Important news for endometriosis sufferers.

If you’re suffering from Endometriosis or experiencing symptoms, always seek medical advice from your doctor for diagnosis and treatment options.

Author Syl Freedman is the co-founder of EndoActive – a not-for-profit organisation advocating for women with endometriosis. 

A few months ago, I was asked to comment on the news of a potential diagnostic test for endometriosis. Specifically, I was sent a scientific study published last August by a group of researchers in the US in a highly respected medical journal.

Globally, there is over an 11 year delay in diagnosis for women with endo. I lived with the painful symptoms from age 11 and was not diagnosed until the age of 21. It’s monumentally f***ed and needs to change.

At EndoActive we believe in evidence-based information. Not hype. The study I reviewed is certainly evidence-based, however the hype is not.

While a non-invasive diagnostic test for endo would be fantastic, I’m not holding my breath that this is just around the corner – as it has been purported to be.

From talking to several researchers, scientists, and doctors in EndoActive’s ‘brains trust’ and analysing the published paper carefully, I wouldn’t necessarily frame this as ‘massive news’. Not being pessimistic but realistic – this technology has a long way to go according to researchers here in Australia so let’s not get ahead of ourselves.

As patients we have to learn look at things critically and do our own digging. We must read the published papers. Look at the evidence.

"I myself lived with the painful symptoms from age 11 and was not diagnosed till age 21."

And the evidence in this case is a study that has tested 24 women with severe endo who were not on any medication and had no co-morbidities such as Adenomyosis or auto-immune disorders. How does that translate to the real world? Is that representative of the endo population? No. It's not. Many of us are on medication. Many of us have multiple health problems.


Further research using thousands more women with less exclusion criteria needs to happen before we have a successful diagnostic test for endo.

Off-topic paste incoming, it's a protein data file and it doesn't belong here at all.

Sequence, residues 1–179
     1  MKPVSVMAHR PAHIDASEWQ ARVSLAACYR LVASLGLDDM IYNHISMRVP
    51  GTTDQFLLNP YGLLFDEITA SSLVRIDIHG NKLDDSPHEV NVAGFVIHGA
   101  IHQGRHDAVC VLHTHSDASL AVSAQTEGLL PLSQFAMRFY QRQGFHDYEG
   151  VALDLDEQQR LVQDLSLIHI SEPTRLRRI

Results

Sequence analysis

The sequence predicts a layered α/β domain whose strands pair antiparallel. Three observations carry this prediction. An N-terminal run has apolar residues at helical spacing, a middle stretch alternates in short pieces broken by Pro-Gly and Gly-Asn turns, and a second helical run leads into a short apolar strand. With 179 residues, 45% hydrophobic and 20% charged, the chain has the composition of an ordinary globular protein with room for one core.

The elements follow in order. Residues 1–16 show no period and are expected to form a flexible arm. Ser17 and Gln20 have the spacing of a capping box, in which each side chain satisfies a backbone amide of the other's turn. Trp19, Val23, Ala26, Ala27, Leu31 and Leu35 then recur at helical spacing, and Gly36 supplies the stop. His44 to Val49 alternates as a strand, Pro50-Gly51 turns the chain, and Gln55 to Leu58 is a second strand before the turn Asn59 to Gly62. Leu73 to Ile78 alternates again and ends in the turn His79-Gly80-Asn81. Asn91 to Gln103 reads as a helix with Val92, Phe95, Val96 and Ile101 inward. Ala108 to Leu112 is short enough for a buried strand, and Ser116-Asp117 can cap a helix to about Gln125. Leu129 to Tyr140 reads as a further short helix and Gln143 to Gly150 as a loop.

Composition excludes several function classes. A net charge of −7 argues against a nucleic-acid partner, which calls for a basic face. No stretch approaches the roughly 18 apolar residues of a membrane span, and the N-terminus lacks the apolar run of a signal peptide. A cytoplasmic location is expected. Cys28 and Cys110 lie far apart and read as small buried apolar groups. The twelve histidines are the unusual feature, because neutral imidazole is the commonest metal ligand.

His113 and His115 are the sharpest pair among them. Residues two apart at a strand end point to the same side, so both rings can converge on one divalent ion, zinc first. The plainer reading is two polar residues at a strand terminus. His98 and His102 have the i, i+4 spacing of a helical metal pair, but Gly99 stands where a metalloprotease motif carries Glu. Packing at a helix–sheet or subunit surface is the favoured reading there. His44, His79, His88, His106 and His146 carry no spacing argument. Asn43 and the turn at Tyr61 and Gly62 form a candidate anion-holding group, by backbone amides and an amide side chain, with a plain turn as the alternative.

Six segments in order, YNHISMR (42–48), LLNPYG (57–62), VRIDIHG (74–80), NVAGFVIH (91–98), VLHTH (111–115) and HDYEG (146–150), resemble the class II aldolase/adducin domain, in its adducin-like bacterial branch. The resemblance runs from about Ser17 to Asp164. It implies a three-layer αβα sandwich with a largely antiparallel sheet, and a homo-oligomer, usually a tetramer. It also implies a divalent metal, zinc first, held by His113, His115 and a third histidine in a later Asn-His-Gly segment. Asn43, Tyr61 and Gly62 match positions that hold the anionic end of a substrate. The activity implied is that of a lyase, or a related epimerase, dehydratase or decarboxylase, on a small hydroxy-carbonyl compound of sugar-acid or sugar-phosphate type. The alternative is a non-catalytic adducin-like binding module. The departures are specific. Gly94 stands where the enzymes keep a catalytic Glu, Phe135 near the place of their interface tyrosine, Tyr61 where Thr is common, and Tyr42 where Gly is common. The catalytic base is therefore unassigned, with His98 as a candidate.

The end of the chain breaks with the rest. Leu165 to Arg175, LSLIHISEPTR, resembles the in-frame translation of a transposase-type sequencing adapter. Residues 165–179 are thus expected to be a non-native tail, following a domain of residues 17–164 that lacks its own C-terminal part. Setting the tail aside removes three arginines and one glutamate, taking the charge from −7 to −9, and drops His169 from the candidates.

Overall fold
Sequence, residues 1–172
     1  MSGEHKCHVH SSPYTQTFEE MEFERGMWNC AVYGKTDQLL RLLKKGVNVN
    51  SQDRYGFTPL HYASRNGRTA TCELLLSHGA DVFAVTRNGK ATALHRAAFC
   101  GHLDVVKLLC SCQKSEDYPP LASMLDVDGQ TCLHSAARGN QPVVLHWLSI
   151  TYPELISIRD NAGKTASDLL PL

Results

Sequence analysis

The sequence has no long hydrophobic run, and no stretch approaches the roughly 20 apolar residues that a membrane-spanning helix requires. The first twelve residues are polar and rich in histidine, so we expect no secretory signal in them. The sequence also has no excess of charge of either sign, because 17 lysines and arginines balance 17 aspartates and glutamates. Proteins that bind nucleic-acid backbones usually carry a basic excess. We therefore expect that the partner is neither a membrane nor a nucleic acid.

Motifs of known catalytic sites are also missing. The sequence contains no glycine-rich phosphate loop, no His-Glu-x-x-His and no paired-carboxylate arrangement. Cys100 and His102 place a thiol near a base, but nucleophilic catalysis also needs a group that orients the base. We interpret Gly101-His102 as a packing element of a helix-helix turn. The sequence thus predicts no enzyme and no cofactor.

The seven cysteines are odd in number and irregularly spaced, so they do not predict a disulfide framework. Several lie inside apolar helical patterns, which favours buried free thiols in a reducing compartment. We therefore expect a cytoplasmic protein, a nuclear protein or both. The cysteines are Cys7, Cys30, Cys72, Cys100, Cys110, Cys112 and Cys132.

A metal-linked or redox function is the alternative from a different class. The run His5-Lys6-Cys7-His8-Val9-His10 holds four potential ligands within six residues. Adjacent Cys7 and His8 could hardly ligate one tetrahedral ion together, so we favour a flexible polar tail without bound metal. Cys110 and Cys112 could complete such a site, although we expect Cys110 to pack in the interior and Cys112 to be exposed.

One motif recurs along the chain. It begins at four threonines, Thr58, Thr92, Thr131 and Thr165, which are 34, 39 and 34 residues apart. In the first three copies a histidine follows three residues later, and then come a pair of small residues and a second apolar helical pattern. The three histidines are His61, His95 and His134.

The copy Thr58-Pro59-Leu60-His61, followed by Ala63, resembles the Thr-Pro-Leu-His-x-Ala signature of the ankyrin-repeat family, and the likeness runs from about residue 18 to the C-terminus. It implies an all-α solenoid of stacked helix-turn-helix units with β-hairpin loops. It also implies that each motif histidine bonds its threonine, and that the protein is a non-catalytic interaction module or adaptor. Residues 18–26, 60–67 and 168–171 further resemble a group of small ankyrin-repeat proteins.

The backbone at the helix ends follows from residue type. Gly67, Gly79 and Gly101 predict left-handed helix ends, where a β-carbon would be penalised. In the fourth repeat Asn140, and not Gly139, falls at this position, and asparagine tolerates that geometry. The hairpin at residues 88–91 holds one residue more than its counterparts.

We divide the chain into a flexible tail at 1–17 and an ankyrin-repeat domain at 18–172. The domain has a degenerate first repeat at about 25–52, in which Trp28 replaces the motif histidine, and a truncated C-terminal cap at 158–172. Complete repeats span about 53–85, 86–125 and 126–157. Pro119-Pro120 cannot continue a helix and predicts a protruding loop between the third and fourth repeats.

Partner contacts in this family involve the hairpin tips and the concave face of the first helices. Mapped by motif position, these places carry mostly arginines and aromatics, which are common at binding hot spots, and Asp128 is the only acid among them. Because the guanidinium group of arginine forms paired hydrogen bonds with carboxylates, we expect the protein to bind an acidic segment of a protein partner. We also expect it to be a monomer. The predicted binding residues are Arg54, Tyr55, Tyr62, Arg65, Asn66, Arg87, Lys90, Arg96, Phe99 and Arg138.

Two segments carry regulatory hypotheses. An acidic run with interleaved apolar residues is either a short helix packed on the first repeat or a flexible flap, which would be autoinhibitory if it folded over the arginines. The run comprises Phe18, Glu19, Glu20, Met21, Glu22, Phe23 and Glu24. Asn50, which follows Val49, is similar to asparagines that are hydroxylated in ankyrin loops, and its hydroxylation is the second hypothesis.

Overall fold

While Heather Bowerman, the woman quoted frequently this week says her company’s test can diagnose endo in one day and it's ready to go, Australian scientists (not American CEOs of a start-up tech company) say "no dice". Imagine if the TGA approved a test that had only been used on 24 people. Imagine!

Some researchers say it's simply not possible to diagnose endo with a blood test. Others are very excited that one day it will be.

Science and research tells us that a blood test for diagnosing endo is unlikely.

A major review on diagnostic markers for endometriosis in blood was recently published. The authors included 141 published studies that involved 15,141 participants and evaluated 122 blood biomarkers. They concluded that, "Overall, none of the biomarkers displayed enough accuracy to be used clinically outside a research setting."

Now think about the study that’s been in the news this week. How many participants? 24… with highly restrictive criteria in a highly controlled setting. That simply isn’t realistic, which is why further testing on a MUCH larger scale is absolutely necessary before any more inflated claims are made and before any ‘MASSIVE NEWS FOR ENDO SUFFERERS’ posts are shared.


Am I sounding like a killjoy? Stay with me!

"Some researchers say it's simply not possible to diagnose Endo with a blood test. Others are very excited that one day it will be."